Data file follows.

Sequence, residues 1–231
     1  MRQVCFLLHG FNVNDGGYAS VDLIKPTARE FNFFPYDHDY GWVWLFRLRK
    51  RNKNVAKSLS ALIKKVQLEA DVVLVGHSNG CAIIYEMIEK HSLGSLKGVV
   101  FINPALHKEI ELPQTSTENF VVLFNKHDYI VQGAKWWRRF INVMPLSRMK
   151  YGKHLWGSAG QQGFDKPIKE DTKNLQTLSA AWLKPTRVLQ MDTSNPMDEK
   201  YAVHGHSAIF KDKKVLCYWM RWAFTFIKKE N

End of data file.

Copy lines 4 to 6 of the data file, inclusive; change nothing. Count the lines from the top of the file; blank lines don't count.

   101  FINPALHKEI ELPQTSTENF VVLFNKHDYI VQGAKWWRRF INVMPLSRMK
   151  YGKHLWGSAG QQGFDKPIKE DTKNLQTLSA AWLKPTRVLQ MDTSNPMDEK
   201  YAVHGHSAIF KDKKVLCYWM RWAFTFIKKE N